Austin will have none of that. He brutally attempts to break Catherine and Morris apart repeatedly, finally savaging his daughter with the truth and shattering her dreams (and their father-daughter relationship) in the process. Catherine may have mentally survived that, but when he learns that Austin threatened to disinherit her, Morris abandons Catherine too… breaking her beyond repair.
Is Austin a hypocrite? Of course he is. We know how much he wallows in grief over his wife, and Lavinia calls him out early – telling him that nothing will ever match up to the unrealistic memory of her. He waves this away – he’d rather live in that lie (one that has been inadvertently hurting his daughter for decades) than face the truth. And yet it doesn’t make our heart any less when Catherine refuses to come to his bedside when he dies… we sense that he loves her the best he can – it just happens to be in a shitty way.
The screenplay by Ruth Goetz and Augustus Goetz, adapted from their play, is quite brilliant in how it plays with the audience’s hopes, dreams and desires – it exploits our vulnerabilities about ourselves. To some extent, we all feel like the ugly duckling, like the awkward one alone at a party… and as a result Morris’ charms work on the audience much like they do to Catherine. We never see that other side of him (until the final shot) – he’s always acting when he is onscreen, and this was the smartest move the writers could make.
It’s odd that we are so emotionally torn about Catherine’s fate considering that de Havilland and Clift don’t have much chemistry together. Her strongest acting scenes are with Richardson, and when she’s with Clift, she leans a little too much into caricature – if I had to see her awkwardly bend backward when Clift leaned in one more time… But maybe that’s the point. Perhaps their casting was an incognito masterstroke – they don’t work well together because they shouldn’t work well together, but the writing is so good and our sympathies lie so much with Catherine that we tell ourselves the match is better than it is. It’s no coincidence that the love theme by Aaron Copland is used explicitly as a plot device in the movie as a way for Morris to endear himself to Catherine (he claims he wrote it and plays it for her on the piano) – it’s pretty, but it’s also not real.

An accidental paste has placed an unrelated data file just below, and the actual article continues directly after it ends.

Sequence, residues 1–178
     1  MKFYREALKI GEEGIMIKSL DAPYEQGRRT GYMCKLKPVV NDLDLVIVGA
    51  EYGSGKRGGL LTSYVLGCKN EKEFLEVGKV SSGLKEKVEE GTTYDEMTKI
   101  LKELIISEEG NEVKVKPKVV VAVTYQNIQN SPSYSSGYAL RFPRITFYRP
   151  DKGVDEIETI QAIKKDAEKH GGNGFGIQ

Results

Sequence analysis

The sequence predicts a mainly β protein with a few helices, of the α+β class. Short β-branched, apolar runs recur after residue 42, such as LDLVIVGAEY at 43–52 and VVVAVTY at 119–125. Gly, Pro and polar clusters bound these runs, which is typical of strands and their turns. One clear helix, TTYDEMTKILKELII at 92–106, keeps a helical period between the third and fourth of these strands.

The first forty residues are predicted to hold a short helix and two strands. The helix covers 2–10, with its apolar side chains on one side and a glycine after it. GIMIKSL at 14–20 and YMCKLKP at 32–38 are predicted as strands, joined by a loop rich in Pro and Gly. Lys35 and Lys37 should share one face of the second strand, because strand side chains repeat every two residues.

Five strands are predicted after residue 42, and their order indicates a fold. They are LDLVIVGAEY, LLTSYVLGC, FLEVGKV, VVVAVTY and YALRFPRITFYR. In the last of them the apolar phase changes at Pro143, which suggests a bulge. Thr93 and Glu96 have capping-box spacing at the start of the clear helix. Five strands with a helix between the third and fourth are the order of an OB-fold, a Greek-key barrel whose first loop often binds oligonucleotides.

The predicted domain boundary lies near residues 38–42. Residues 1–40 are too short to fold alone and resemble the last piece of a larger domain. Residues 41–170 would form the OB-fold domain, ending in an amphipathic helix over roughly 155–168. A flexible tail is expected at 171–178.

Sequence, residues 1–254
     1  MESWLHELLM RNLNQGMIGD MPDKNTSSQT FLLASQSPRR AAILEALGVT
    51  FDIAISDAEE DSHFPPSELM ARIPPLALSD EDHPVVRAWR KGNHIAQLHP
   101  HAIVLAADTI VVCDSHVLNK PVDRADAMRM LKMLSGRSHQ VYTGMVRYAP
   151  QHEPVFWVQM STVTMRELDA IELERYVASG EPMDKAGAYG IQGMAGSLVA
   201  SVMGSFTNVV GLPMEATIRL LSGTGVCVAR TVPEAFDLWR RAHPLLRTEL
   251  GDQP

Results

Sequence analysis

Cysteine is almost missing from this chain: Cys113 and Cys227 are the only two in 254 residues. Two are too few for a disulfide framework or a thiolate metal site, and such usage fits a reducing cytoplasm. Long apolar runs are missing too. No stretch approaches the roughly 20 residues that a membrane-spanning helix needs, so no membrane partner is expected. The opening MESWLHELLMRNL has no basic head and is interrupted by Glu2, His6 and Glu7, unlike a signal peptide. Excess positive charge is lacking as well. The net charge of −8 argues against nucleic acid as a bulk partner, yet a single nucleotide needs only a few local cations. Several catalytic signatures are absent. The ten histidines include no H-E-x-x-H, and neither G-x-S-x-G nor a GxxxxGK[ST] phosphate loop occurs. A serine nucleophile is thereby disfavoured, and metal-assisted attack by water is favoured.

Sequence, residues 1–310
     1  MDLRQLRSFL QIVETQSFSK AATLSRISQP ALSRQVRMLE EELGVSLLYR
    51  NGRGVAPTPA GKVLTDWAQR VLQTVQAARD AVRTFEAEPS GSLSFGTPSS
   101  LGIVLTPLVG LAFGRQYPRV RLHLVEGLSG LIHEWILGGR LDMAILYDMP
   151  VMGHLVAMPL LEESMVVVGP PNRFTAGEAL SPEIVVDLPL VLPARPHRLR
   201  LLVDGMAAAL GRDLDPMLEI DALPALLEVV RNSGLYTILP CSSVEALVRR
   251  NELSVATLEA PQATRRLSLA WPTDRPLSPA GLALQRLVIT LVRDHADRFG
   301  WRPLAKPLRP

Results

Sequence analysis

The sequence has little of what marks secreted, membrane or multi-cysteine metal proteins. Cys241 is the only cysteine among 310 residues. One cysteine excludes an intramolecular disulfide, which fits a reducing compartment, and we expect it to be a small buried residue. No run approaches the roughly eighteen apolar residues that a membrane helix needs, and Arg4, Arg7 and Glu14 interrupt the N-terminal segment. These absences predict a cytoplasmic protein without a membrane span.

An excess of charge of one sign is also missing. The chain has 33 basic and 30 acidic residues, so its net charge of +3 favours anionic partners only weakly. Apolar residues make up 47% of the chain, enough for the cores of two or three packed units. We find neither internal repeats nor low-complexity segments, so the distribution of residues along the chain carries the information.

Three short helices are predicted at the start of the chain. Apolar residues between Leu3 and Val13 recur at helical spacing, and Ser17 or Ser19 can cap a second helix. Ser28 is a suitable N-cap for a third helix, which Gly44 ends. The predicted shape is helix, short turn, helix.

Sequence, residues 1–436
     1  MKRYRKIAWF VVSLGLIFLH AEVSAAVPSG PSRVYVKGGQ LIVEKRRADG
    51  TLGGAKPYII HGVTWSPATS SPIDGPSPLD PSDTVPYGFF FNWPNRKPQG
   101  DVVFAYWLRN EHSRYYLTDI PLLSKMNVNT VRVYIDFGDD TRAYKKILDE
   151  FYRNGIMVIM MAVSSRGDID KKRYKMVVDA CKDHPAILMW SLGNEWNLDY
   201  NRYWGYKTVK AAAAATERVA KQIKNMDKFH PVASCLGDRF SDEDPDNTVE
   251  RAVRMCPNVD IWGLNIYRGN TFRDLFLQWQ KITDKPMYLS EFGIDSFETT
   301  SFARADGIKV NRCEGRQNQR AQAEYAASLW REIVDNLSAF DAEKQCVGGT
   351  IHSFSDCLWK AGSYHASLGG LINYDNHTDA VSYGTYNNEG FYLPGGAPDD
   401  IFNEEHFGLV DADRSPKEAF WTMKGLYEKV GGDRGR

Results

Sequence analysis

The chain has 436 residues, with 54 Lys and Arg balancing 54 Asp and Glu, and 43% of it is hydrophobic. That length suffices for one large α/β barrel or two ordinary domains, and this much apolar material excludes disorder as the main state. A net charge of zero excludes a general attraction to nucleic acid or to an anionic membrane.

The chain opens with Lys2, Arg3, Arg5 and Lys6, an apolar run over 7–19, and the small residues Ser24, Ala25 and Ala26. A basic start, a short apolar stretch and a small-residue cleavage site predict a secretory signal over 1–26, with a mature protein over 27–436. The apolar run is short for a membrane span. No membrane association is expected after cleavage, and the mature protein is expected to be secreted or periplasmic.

De Havilland is much better sparring with Richardson, first as she cowers from his every statement and later when she finally stops giving a shit and is as brutally honest to him as he has been to her. These are the scenes that earned her the Oscar… those and the heartbreaking moment with Lavinia where Catherine realizes that Morris has abandoned her.
Cinema maestro Wyler, working here with cinematographer Leo Tover (“The Day the Earth Stood Still”), creates an astonishing world within Catherine’s house on Washington Square. Aside from a party scene and a few other brief moments, Wyler smartly keeps the claustrophobia of the play by setting every major sequence in the house. The stairs especially become a metaphor all their own – note the placement of the camera every time Catherine walks up or down them to underline her emotions in the moment. Though he has no problem with moving the camera, one appreciates the way Wyler conjures his frame… he’d much rather hold it in place while the characters within it move in dynamic, unexpected ways that surprise you.